Key feature: Location, location, location. Drop in for a quick skate here after a visit to the nearby Vancouver Art Gallery or Vancouver Public Library, or during a day of window-shopping along Robson Street.
Schedule: The Robson Square Ice Rink is open through the end of February, weather permitting. Hours are 9 a.m. to 9 p.m. Sunday to Thursday, 9 a.m. to 11 p.m. Friday and Saturday.
Cost: Free. Skate rental $4.
Nearby activities: Of all the enticements on Robson Street, my family’s favorite was Café Crepe Express (1032 Robson St., Vancouver; 604-488-0045; cafecrepe.com), a restaurant with four locations in Vancouver. A long menu of sweet and savory crepes is just the beginning. Daily specials, good coffee and beer, hours that stretch from petit déjeuner to late-night dining — this quickly became a favorite place to duck out of the winter weather.
Rink info: 800 Robson St., Vancouver; 604-646-3554; robsonsquare.com
Neighborhood: Suburban Richmond, about a half-hour south of downtown Vancouver.
In a nutshell: A massive exercise palace on the banks of the Fraser River, the Oval houses two Olympic-sized ice rinks; badminton, volleyball and basketball courts; a climbing wall; an indoor-rowing facility; two five-lane running tracks and a 23,000-square-foot fitness center. In keeping with the deluxe nature of the facility, expect to pay more to skate here than at a Vancouver city rink.
Key feature: The building’s signature roof, made up of salvaged pine-beetle wood, is a marvel of reclamation and engineering. A scale model may be viewed in the lobby.
Olympic connection: The Oval was the site of long-track speedskating during the 2010 Olympic and Paralympic Winter Games. (The short-track venue where Ohno glided to gold — the Pacific Coliseum in Vancouver — does not host public-skating sessions, but is available for group rentals.)
Schedule: The rink is open year-round and public skate sessions are offered most Tuesdays, Wednesdays and Fridays-Sundays. (Schedules vary, so call ahead.)
Cost: Drop-in skating ranges from $5 (children 6-12) to $16.50 (adults). Skate rentals are $3.
Nearby activities: The Oval’s impressive climbing wall is open for drop-ins most afternoons. A single, daily entry fee covers all activities inside the Oval.
Info: 6111 River Road, Richmond; 778-296-1400; richmondoval.ca.
Doug Mitchell Thunderbird Sports Centre
Neighborhood: University of British Columbia campus, 20 minutes southwest of downtown Vancouver.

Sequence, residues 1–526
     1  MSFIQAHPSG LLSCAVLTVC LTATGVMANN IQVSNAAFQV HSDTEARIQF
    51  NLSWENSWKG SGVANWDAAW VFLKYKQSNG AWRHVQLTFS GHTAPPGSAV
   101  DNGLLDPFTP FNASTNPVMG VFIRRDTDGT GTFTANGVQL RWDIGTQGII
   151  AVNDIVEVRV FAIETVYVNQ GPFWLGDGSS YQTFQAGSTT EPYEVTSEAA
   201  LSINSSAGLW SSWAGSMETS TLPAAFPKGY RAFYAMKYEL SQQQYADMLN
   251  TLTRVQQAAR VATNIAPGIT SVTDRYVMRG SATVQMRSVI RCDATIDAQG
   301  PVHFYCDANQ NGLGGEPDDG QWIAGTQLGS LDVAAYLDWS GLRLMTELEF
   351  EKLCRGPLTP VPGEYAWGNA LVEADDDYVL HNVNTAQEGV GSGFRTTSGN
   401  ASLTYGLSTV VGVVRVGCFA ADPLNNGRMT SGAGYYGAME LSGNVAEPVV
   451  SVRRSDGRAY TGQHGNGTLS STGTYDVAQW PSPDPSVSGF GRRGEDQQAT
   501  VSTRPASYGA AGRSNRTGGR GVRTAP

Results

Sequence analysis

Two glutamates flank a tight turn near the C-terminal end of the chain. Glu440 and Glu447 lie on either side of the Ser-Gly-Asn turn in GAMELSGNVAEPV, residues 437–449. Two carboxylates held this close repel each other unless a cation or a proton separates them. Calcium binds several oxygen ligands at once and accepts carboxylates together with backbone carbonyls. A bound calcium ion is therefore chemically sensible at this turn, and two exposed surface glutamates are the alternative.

In a nutshell: Three rinks are nestled into the Doug Mitchell Thunderbird Sports Centre, including a 7,500-seat arena that is home to the UBC Thunderbirds hockey team. Public skating takes place on all three rinks at various times.
Olympic connection: Some of the 2010 Olympic hockey games were held here, although not the men’s finals, in which Canada beat the U.S. for gold. That historic game took place at Canada Hockey Place downtown.
Schedule: The rink is open year-round and public sessions are offered most Saturday evenings, Sunday-Tuesday afternoons. (Schedule changes weekly, so check the website.)
Cost: $3.25 (12 and under) to $5.75 (adults).
Nearby activities: Don’t miss the Museum of Anthropology at UBC, with its amazing collection of First Nations artifacts — including 10 full-scale totem poles. It’s open Tuesday-Sunday in the winter; moa.ubc.ca.
Info: 6066 Thunderbird Blvd., Vancouver; 604-822-6121; icerink.ubc.ca/index.php.
Kerrisdale Cyclone Taylor Arena
Neighborhood: Kerrisdale, about 15 minutes south of downtown Vancouver.
In a nutshell: If you want to see how and where ordinary Vancouverites skate, this is the rink to visit. Nothing fancy, but Kerrisdale Cyclone Taylor Arena draws a lively crowd of families, teens and young adults on a weekend night.
Schedule: Public-skating sessions Thursday-Sunday, plus low-cost sessions on Mondays and Tuesdays, September to March.
Cost: Admission ranges from free (preschoolers) to $5.36 (adults). Ask about family rates and half-price sessions. Skate rental $2.77.
Nearby activities: Kerrisdale has a bustling business district with many shops and restaurants stretching all directions from the crossroads of West 41st Avenue and West Boulevard.
Info: 5670 East Blvd., Vancouver; 604-257-8121;vancouver.ca/parks-recreation-culture/kerrisdale-cyclone-taylor-arena.aspx.
Lynn Jacobson: 206-464-2714 or firstname.lastname@example.org